Court-martial recommended in U.S. soldier’s death in Afghanistan

This article was originally on a blog post platform and may be missing photos, graphics or links. See About archive blog posts.

A U.S. military investigating commission has recommended that one of eight soldiers accused in the death of a fellow serviceman in Afghanistan be court-martialed on charges that include negligent homicide, battery and reckless endangerment, but not on the most serious allegation of manslaughter.

The recommendation was announced Monday following an Article 32 hearing in Afghanistan to determine whether Spc. Ryan Offutt should face charges in the death last October of Pvt. Danny Chen of New York.

Chen died of a gunshot wound at a base in southern Afghanistan, and military officials have said he shot himself. But they launched an investigation into his death amid allegations that Chen had faced relentless taunts and physical abuse by fellow soldiers.

Offutt, 32, of Greenville, Pa., is one of eight soldiers who were accused of mistreating Chen, who complained of abuse in messages to friends before he died. The other seven soldiers face their own Article 32 hearings in the next few weeks. Military commanders in Afghanistan will make the final decision on whether to follow the investigating officer’s recommendations.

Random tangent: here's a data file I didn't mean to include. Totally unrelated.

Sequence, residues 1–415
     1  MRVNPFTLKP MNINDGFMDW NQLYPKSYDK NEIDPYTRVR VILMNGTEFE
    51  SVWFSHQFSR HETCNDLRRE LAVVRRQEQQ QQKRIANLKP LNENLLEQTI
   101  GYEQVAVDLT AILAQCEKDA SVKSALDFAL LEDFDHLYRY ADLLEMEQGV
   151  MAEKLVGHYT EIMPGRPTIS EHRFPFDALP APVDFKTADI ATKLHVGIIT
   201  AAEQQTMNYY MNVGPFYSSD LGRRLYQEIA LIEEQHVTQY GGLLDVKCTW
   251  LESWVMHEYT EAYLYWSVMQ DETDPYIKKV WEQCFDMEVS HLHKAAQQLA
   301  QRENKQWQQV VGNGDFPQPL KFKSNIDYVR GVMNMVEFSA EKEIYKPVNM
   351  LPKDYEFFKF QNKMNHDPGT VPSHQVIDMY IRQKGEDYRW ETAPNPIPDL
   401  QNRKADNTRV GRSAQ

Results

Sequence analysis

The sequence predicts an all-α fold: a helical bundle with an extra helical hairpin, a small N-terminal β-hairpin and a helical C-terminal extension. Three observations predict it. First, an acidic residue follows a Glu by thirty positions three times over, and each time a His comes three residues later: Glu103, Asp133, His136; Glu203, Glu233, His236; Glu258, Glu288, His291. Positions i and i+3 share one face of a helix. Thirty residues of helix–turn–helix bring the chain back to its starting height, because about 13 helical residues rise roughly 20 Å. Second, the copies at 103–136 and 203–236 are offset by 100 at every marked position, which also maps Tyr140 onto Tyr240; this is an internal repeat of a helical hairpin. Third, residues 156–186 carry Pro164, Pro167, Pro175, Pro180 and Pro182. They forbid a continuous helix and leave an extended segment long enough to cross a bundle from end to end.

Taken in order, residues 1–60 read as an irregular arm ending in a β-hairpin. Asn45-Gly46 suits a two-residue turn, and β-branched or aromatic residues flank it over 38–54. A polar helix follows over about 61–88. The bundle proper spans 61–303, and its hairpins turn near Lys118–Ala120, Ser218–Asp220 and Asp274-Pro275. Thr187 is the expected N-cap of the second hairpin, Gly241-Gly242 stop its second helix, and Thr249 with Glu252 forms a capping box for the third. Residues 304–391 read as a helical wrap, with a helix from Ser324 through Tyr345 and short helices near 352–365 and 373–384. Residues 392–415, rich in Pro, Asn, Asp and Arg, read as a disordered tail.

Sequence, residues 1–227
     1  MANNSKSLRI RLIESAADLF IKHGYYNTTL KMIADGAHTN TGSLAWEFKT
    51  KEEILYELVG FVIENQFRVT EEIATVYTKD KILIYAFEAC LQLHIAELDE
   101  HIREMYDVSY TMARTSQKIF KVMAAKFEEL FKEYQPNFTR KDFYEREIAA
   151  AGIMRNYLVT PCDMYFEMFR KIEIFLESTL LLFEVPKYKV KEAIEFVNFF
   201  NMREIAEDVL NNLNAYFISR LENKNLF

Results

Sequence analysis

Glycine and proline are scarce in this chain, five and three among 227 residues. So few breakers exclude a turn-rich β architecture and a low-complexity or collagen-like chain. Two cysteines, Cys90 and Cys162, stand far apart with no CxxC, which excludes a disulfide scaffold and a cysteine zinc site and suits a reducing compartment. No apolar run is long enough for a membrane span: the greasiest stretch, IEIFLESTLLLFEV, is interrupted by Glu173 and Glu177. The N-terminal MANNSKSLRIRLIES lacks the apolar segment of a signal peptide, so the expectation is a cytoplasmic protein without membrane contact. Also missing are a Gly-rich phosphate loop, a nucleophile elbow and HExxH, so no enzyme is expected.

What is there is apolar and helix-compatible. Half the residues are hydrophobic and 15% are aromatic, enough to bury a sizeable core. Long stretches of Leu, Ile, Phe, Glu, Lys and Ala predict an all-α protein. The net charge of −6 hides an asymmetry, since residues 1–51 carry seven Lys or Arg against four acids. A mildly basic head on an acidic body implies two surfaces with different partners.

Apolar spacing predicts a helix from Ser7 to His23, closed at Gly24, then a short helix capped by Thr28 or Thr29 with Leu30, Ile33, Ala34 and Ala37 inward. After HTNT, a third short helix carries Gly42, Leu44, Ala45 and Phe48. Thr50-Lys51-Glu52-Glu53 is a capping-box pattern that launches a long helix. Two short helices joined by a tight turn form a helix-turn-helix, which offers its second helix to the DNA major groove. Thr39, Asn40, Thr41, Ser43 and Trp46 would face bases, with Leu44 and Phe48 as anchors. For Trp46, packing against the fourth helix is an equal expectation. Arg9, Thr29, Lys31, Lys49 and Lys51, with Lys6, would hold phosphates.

Elizabeth OuYang of the Organization of Chinese Americans, which had led calls for a probe of Chen’s death, said the family was ‘very disappointed’ that the involuntary manslaughter charge against Offutt, which carried a penalty of up to 10 years in prison, had been dropped.

‘There is a big difference between a three- and a 10-year prison sentence,’ she told the New York all-news channel, NY1.

The Army has identified the other accused soldiers as 1st Lt. Daniel Schwartz, the only officer accused in the case; Staff Sgt. Blaine G. Dugas of Port Arthur, Texas; Staff Sgt. Andrew J. Van Bockel of Aberdeen, S.D.; Sgt. Adam M. Holcomb of Youngstown, Ohio; Sgt. Jeffrey T. Hurst of Brooklyn, Iowa; Spc. Thomas P. Curtis of Hendersonville, Tenn.; and Sgt. Travis F. Carden of Fowler, Ind.


Kidnapped girl hailed for fleeing captor

Gay marriage bill a go in Washington state

8 soldiers accused in private’s death in Afghanistan

-- Tina Susman in New York

Video credit: Democracy Now, via YouTube